All through September and October, my wife has been canning. We got a free pressure canner the first week of September, and she later got over 100 free canning jars. I had purchased 2 dozen jars before that point, but with a few more boxes of lids, she went to town canning pickles, green beans, applesauce, apple butter, etc. I bought the wife a Foley Food Mill for the applesauce at the beginning of September, and around the beginning of October, she got a Victorio for free from my grandparents.

The next major project, around the second week of September, was felling a dying Black Spruce in the backyard, limbing the trunk, and burning the branches. I bought a beam cutter to use with my chainsaw, and I intend to square off the trunk with it, but I haven’t gotten to it yet. I also, with the help of my father and two of my brothers, pruned the maple in the front yard, which hasn’t been pruned for at least 30 years. We took out a number of 6-8″ diameter branches, and some larger. I still have to buck up a number of those logs, and split the larger ones, but all the small limbs have been burned.

I bought 100 landscape pavers off of Facebook, and built a flower garden along the front of the house with them. I filled the flower garden with compost, dog droppings, and grass clippings, and then topped it off with about 8″ of wood chips that I got for free. I got 8 railroad ties for free off Craigslist (and transported them 30 miles in my sedan) and with some lag bolts from the hardware store, secured them together to make a large square flower garden around the Maple in the front yard. This was placed so that I no longer hit roots with the lawnmower when I mow. Like the other flower garden, I filled it with grass trimmings, dog droppings, compost, and wood chips.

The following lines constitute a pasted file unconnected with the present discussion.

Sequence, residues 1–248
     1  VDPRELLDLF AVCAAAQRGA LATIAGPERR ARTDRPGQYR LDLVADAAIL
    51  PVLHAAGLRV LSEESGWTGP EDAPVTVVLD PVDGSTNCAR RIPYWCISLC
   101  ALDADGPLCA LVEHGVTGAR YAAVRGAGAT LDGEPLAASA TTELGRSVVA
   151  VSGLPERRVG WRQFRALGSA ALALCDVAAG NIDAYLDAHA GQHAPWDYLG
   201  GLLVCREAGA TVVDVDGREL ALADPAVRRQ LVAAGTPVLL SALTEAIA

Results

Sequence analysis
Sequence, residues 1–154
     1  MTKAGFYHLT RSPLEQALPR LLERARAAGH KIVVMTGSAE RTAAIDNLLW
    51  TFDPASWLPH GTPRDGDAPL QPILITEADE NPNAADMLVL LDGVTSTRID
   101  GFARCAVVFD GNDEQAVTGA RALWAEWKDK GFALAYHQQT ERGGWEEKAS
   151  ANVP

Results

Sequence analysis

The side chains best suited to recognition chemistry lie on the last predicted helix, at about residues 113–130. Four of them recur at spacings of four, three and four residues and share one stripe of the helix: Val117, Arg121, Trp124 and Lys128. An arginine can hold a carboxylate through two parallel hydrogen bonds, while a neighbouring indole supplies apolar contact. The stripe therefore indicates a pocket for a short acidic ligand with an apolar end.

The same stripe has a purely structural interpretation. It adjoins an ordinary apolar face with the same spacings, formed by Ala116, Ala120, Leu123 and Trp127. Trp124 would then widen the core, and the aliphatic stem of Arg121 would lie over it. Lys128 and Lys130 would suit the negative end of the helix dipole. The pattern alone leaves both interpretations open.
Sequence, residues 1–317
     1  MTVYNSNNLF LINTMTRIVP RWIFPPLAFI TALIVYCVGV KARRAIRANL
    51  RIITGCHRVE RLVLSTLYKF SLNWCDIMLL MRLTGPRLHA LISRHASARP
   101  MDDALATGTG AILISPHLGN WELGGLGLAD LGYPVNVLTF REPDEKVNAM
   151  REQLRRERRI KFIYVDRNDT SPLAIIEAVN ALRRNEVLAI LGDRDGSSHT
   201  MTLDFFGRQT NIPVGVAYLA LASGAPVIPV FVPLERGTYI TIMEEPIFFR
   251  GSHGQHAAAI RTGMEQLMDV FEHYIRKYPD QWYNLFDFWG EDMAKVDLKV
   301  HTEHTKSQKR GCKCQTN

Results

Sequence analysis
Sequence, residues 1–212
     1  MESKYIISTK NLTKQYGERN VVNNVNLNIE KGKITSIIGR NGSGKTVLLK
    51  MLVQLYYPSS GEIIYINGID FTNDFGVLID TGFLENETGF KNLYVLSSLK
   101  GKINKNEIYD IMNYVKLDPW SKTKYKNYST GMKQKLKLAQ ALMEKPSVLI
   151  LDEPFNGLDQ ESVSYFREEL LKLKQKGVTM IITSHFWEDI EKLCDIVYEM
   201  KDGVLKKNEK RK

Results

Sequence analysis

Between September and October I spent a large amount on icons, incense, charcoal, candles, candlesticks, an incense burner, etc. We now have a functional prayer corner with supplies to last a while, and icons over our beds.

As the weather cooled off in September, I bought 6 yards of flannel for my wife to make a dress (or 2) with, and 2 pairs of fleece-lined pants for myself.

Somewhere around mid-September, I re-did the nursery. I painted the entire room, the trim, and the heat register. I also replaced all the outlets with “child safe” ones.

My final project for September was to pressure wash my front porch. In October I put the first coat of new paint on it, but sadly, it remains unfinished.

October 1st we picked up a puppy, a then-8-week-old Great Pyrenees mix that has doubled in size in the month we’ve had him. It was the same day that we got the Victorio from my grandparents, and though we didn’t get the dog from them, we did get a wire cage from them for free, as well as a nice oil lamp.

We were at my grandparents specifically to help with projects there, and I kept my chainsaw running all day clearing out trees my grandpa wanted removed. I came back later in the month to finish cutting down trees and to get started on burning brush. In fact, I bought a new bar and 2 more chains just to keep up with this project.

I bought a few new Henleys and flannels as the weather got colder, and a nice blaze orange jacket from Vinnie’s hunting sale.

And then all projects came to crashing halt the 3rd and 4th week of October, as I was working 80 hour weeks and had no time for anything. Thank God, that time is past, and hopefully I can soon wrap up the unfinished projects outside before snow flies (or at least before it starts sticking).